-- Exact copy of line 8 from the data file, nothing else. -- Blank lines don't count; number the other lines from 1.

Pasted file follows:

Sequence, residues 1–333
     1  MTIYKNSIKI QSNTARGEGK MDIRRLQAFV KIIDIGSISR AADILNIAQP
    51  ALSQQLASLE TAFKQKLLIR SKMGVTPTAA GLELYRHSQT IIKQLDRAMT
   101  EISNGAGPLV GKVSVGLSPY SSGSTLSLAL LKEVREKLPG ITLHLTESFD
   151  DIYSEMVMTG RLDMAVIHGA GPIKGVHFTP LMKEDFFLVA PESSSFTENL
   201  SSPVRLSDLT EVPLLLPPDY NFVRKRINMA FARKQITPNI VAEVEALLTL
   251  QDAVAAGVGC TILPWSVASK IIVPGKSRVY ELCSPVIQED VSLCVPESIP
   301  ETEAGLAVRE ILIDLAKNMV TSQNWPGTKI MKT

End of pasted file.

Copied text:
   301  ETEAGLAVRE ILIDLAKNMV TSQNWPGTKI MKT